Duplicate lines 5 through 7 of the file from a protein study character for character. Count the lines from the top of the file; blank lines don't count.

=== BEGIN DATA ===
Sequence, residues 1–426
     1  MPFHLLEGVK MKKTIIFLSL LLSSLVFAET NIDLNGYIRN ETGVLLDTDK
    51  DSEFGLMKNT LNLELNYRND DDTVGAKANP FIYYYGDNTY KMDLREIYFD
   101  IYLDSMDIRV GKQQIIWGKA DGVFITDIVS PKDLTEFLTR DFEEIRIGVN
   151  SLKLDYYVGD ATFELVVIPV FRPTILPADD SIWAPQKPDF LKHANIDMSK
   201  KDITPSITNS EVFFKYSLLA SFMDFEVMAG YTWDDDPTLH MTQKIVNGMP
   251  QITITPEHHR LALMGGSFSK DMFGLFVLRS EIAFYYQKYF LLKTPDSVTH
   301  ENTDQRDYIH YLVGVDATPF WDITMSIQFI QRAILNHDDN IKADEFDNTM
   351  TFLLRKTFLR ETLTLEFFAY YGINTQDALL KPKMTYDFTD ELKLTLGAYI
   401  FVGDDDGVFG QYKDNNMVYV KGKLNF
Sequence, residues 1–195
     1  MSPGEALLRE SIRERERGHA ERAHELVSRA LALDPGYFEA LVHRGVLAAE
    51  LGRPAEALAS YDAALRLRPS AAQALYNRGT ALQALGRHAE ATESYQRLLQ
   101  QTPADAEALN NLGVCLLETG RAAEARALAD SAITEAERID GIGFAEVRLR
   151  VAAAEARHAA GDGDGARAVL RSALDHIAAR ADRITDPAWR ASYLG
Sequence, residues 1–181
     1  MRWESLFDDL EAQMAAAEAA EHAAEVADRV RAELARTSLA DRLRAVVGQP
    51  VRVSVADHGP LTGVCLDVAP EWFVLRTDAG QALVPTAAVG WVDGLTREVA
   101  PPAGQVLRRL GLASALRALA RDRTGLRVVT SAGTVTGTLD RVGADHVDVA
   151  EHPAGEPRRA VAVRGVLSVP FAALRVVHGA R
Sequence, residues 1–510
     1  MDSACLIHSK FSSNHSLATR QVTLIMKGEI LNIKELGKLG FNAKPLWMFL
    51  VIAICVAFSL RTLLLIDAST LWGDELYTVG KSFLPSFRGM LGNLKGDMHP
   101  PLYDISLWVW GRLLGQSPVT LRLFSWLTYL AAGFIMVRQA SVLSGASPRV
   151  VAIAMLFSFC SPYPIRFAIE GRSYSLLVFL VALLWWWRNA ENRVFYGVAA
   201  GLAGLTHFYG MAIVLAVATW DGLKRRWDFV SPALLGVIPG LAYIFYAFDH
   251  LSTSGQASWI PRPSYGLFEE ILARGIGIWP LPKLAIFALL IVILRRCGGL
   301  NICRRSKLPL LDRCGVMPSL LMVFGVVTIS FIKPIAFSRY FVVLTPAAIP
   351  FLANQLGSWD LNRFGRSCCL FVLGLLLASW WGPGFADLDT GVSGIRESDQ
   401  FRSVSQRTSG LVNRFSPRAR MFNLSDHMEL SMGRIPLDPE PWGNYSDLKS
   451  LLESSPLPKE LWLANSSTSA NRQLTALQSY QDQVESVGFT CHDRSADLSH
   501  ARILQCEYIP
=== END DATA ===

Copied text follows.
   151  SLKLDYYVGD ATFELVVIPV FRPTILPADD SIWAPQKPDF LKHANIDMSK
   201  KDITPSITNS EVFFKYSLLA SFMDFEVMAG YTWDDDPTLH MTQKIVNGMP
   251  QITITPEHHR LALMGGSFSK DMFGLFVLRS EIAFYYQKYF LLKTPDSVTH